If you haven't already seen Selma, the new movie about Martin Luther King, Jr. and the fight for voting rights, do it tonight or tomorrow.
It's a great film - one of the best I've seen in a long time - and it does a great job of showing why all successful social movements start from the bottom up.
But what's really amazing about Selma is how relevant it is. Nearly 50 years after the events depicted in the film, the right to vote is under threat once again. But this time it's Republicans, not Southern Democrats, who are waging war on democracy.
During the Jim Crow era, it was pretty much impossible for black people to vote. While the Constitution banned voter discrimination based on race, Southern states got around this ban by using tricks and tests to keep African-Americans way from the polls.
These weren't fair tests, either - they were designed to make people fail.
In one scene in Selma, for example, a white official rejects the voting application of a black woman played by Oprah Winfrey because she can't name every single county judge in the state of Alabama.
That's the kind of daily humiliation black people in the South had to deal with until the Reverend Dr. Martin Luther King Jr. and other activists forced the hand of President Lyndon Johnson and he signed into law the Voting Rights Act of 1965.
But now, 50 years later, people of color are experiencing the nightmare of the Jim Crow era all over again.
That's because the Republican Party has declared all-out war on democracy.
Since the 2010 elections, 22 states, almost all controlled by Republicans, have passed laws restricting the right to vote.
While not as blatant as literacy tests, these laws - and let's call them voter suppression laws, because that's what they really are - all have one thing in common: they make it harder for Americans, especially African-Americans, to do what every citizen of a democracy is entitled to do - go to the polls and choose who they want to run their government.
The most obvious example of the GOP's new war on voting is voter ID suppression laws that require people to bring photo identification with them to the polls. Republicans say they're about stopping voter fraud, but since voter fraud doesn't actually exist, that's just cover for their real purpose: stopping black people and even poor or urban whites, who disproportionately lack photo IDs, from voting.
And believe me, these voter ID suppression laws work just as Republicans intended for them to work. A recent study by the Government Accountability office found that they had a real effect by reducing black turnout during the 2012 elections, just as their Republican sponsors hoped and planned.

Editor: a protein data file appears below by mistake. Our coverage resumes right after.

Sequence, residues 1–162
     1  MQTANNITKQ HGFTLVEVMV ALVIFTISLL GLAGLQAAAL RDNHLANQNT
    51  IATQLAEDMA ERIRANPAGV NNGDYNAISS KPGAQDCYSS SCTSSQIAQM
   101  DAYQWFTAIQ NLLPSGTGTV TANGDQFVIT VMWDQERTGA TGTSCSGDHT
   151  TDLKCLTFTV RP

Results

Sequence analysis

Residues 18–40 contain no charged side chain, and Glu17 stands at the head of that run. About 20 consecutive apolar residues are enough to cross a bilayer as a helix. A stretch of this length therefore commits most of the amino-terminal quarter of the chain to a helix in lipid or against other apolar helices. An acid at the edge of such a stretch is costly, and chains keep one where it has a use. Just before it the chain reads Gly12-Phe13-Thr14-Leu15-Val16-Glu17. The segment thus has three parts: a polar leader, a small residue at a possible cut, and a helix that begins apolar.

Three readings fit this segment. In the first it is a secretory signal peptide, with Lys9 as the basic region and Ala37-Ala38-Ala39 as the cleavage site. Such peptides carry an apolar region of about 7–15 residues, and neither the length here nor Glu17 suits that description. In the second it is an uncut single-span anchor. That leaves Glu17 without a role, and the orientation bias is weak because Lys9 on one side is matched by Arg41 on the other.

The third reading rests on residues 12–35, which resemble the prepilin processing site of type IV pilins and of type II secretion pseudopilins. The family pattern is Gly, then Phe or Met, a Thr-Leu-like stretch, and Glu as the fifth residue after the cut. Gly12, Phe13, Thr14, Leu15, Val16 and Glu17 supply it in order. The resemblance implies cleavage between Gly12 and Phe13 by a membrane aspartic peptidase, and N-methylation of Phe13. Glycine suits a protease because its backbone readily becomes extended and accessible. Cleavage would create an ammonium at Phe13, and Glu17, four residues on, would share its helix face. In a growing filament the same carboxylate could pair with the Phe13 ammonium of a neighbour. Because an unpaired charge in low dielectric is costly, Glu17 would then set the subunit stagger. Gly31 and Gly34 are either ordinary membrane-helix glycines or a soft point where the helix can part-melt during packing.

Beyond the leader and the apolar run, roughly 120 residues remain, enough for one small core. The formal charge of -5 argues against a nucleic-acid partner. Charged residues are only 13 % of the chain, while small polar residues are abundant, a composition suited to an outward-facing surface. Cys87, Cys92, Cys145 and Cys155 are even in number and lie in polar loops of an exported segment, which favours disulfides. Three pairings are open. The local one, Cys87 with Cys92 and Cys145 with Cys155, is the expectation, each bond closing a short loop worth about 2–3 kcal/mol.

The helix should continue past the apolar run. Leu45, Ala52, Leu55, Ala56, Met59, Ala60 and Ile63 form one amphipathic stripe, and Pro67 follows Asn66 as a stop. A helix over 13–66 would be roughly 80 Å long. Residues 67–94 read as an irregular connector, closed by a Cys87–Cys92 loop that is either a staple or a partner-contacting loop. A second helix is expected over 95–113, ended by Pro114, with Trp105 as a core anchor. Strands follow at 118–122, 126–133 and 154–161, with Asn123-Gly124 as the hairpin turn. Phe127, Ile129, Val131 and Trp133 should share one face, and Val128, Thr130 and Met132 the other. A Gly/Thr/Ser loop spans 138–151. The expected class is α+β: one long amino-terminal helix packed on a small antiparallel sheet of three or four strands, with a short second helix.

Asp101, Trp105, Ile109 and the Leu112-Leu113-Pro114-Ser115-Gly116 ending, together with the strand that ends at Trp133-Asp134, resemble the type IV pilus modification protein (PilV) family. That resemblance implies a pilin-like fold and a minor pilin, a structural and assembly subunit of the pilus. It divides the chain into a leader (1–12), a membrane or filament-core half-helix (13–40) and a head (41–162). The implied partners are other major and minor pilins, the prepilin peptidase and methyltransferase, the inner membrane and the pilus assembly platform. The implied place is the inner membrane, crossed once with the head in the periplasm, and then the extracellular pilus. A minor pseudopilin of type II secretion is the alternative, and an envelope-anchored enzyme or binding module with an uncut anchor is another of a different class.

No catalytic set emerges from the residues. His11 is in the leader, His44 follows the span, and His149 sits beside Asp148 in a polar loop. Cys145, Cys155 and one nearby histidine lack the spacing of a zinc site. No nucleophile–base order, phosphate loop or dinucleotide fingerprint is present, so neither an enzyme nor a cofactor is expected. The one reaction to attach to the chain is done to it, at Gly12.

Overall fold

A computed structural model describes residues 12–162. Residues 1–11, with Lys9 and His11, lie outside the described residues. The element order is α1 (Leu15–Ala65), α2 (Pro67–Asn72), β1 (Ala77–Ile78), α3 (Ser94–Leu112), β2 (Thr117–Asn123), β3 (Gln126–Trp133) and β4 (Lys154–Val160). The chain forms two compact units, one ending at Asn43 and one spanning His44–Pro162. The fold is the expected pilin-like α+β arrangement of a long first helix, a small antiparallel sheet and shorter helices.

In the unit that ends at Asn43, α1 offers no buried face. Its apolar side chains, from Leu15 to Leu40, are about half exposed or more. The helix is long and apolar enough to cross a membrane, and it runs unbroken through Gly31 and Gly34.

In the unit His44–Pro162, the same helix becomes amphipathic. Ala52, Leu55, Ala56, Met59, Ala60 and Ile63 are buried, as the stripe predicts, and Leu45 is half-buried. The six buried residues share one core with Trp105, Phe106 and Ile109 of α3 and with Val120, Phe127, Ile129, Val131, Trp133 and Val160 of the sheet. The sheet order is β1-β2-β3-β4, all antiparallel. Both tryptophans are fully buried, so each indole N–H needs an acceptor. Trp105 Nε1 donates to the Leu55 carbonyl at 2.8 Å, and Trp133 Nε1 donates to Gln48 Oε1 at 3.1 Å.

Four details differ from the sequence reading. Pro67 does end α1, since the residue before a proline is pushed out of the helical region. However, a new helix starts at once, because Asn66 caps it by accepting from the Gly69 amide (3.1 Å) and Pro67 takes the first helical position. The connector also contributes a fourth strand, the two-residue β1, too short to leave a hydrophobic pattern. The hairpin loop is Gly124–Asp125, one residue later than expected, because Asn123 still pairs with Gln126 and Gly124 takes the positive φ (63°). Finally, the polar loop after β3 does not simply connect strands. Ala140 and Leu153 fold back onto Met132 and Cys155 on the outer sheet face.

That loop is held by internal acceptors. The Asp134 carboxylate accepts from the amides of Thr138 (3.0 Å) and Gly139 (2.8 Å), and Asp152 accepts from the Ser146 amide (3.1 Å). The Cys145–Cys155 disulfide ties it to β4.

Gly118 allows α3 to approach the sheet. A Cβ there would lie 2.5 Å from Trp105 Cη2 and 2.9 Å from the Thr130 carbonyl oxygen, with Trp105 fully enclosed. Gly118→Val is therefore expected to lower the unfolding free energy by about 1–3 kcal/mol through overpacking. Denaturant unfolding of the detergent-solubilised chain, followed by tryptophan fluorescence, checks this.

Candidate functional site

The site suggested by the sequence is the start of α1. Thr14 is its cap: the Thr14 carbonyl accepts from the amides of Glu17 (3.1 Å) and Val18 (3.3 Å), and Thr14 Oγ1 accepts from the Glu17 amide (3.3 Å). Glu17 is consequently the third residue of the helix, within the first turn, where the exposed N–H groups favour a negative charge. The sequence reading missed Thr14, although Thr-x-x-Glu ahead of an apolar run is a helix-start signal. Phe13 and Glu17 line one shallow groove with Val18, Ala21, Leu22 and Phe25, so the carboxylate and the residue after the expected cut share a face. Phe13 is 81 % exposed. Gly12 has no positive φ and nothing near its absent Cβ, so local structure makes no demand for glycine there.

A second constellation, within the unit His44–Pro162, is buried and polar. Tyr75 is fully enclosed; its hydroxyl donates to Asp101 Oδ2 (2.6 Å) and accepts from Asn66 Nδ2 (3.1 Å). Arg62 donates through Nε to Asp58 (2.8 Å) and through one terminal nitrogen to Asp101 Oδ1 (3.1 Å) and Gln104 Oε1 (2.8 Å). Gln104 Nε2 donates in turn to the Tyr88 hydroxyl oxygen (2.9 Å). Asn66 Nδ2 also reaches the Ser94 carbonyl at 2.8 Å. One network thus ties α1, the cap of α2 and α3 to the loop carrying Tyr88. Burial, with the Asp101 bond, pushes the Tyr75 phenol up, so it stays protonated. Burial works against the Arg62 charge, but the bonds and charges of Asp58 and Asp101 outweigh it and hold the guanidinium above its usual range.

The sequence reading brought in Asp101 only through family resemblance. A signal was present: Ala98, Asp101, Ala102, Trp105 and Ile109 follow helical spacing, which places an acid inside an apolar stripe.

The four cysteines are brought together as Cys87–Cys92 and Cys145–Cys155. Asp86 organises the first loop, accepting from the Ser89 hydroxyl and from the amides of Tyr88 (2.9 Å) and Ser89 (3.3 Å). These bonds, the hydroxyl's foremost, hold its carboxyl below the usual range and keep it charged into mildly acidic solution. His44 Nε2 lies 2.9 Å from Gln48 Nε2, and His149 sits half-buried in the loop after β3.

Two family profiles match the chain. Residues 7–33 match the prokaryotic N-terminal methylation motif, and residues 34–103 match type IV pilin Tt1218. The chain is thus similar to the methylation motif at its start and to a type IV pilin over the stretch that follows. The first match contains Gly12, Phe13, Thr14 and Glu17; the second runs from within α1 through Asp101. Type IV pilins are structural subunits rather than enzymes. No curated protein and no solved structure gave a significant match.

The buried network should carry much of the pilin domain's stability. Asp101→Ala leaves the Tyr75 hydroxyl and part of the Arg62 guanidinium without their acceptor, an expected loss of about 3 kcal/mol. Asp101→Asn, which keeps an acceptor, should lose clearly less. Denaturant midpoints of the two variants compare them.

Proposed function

But voter ID suppression laws are just the tip of the iceberg when it comes to the Republican Party's all-out assault on voting rights.
States like North Carolina and Ohio, for example, have cut back early voting and voting on the Sunday before Election Day, both of which are very popular in the black community.
Republican Kansas Secretary of State Kris Kobach, meanwhile, has helped officials in 27 states kick millions of people, including many African-Americans, off the voting rolls by getting them to use a program called Interstate Crosscheck that numerous reporters have shown to be nothing more than cover for a nationwide voter suppression scheme.
Until 2013, the federal government had the power to block the most extreme of these state-based voter suppression tactics, but in June of that year the Supreme Court gutted the Voting Rights Act, and basically gave right-wing politicians free reign to block the vote in whatever way they see fit.
Oh, and as if this wasn't all bad enough, Republicans have also so gerrymandered our congressional districts that in many cases it doesn't even matter whether you vote or not.
On this Martin Luther King Day, let's celebrate how far we've come since activists marched from Selma to Montgomery to demand the right to vote.
But let's also take the time to realize how much hasn't changed since 1960s, and let's call out Republicans for trying to take us backwards to the dark days of the Jim Crow era.
In our democracy, the right to vote is precious, but constant vigilance and a broad base of voters are the necessary preconditions for a functioning republic.
That was true in 1965, and it's just as true now.